A possibility for early short-term psychotherapy and other psychosocial short-term interventions on the basic level of public healthcare is necessary alongside Kela’s psychotherapy rehabilitation.
Kela’s rehabilitative psychotherapy is targeted at adults whose ability to study or work is threatened. It leaves out those on disability pension, for example. The regional distribution of rehabilitative psychotherapy is also unequal: the Uusimaa region has almost three times more visits to Kela’s rehabilitative psychotherapy than Lapland, even though the need is greater in Lapland, according to THL’s mental health index.
The proposed law reform would improve availability and equality of treatment. The deepening of mental health problems would decrease if help was available at the right time. The focus would shift from long-term psychotherapy which takes a long time to receive to short-term psychosocial treatment available to more people in need.
Immediate access to therapy would build an efficient basic level of mental health care in Finland and complete the current system by making help available more quickly, easily, and in a more customer-oriented manner.
Annual costs of immediate access to therapy at approximately 35 million euros
According to the OECD estimate (2018), the total annual costs of mental health disturbances in Finland are approximately 11 billion euros. Research shows that investments in mental health repay themselves multifold, as the use of illness benefits decreases and employer costs caused by sick leave and other working life costs decrease.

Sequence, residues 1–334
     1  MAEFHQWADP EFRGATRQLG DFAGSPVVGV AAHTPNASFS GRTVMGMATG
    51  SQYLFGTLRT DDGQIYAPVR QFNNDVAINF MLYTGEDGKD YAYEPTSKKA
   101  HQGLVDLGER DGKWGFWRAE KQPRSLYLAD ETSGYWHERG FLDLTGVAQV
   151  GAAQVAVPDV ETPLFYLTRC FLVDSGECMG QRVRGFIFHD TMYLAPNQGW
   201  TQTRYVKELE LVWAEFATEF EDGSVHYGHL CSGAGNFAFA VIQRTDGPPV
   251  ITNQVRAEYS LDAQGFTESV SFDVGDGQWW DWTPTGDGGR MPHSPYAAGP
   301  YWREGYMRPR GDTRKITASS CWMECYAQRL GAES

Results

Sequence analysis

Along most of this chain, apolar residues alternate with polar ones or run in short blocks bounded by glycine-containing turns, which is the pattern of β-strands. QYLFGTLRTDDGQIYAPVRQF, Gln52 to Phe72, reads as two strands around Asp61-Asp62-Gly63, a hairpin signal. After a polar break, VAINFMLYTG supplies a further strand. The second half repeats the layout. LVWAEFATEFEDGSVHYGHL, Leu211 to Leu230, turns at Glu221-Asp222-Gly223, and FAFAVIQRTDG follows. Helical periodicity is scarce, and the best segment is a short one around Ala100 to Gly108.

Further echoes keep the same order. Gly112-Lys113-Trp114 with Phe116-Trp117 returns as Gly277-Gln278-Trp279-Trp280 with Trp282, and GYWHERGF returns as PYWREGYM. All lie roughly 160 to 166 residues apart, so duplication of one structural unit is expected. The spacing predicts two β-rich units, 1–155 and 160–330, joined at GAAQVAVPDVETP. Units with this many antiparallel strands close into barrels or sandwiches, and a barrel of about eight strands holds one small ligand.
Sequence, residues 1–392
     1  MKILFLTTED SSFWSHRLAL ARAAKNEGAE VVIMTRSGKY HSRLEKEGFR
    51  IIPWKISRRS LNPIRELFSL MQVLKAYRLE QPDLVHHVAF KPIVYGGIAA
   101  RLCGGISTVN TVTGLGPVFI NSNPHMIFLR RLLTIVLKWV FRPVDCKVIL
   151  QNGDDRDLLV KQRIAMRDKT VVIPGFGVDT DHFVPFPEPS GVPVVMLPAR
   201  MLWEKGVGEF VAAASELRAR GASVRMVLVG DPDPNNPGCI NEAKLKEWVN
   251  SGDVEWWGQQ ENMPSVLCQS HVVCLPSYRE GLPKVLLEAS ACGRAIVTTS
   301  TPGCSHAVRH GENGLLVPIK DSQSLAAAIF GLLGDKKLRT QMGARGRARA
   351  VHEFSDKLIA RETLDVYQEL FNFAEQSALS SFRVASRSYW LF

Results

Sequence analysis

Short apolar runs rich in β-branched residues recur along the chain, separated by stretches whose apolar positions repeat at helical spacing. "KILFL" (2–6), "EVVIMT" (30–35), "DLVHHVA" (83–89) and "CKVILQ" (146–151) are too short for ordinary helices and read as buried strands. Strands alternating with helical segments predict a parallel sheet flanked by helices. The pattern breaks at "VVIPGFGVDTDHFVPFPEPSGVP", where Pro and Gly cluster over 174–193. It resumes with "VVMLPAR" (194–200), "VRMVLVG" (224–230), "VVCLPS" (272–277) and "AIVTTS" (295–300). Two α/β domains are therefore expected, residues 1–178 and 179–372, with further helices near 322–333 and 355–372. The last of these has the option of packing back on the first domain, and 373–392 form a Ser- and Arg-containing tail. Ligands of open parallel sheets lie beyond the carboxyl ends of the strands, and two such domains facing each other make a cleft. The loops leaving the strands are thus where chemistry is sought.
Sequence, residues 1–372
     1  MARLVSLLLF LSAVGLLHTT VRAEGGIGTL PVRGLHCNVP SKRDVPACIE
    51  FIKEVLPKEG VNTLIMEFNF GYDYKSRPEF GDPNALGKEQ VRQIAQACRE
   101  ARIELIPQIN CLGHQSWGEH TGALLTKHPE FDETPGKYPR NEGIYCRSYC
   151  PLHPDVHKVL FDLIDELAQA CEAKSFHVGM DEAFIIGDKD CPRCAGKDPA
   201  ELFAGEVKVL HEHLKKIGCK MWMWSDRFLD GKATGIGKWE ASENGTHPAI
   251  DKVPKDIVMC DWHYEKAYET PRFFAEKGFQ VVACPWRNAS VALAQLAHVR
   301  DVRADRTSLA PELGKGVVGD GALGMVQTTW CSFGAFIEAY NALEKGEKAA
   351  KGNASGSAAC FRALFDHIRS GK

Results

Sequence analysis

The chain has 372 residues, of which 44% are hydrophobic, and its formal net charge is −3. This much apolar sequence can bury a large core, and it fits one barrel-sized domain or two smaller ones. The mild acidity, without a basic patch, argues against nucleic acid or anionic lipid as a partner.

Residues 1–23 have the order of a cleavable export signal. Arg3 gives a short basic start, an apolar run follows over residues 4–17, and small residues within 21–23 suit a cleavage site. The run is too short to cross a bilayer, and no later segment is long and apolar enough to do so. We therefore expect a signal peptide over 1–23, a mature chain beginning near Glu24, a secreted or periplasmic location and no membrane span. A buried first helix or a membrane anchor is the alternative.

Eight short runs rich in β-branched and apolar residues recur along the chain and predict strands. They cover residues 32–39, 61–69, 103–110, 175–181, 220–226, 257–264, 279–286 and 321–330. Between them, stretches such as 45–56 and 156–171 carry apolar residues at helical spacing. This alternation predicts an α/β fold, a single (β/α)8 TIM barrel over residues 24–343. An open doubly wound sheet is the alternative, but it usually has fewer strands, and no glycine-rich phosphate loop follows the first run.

A low threshold mental health service system is more cost-efficient than a system based on specialist healthcare: early therapy is known to prevent the deepening of problems and decrease the use of other healthcare services. Organising early therapy services as part of public healthcare and increasing their availability would create significant economic health benefits.
Depending on the manner of organisation, the annual costs of the immediate access to therapy are approximately 35 million euros. Immediate access to therapy could partially be carried out utilising the current personnel resources, but additional resources would also be required. The cost of 35 million euros is formed of the work input and further education of the professional personnel carrying out the psychosocial treatment. The form of treatment and number of treatment sessions carried out affect the amount of required personnel resources. Carrying out 125,000 treatment sessions annually corresponds to approximately 800 person-years.
If those not participating in education or working life received early treatment through basic services, an estimated 7,500 people would be rehabilitated to working life every year. This would save approximately 340 million euros annually, due to the decreased use of benefits and increased amount of income taxes. Therefore, every euro invested in the immediate access to therapy would save almost ten euros overall. The reform would decrease social costs and increase wellbeing.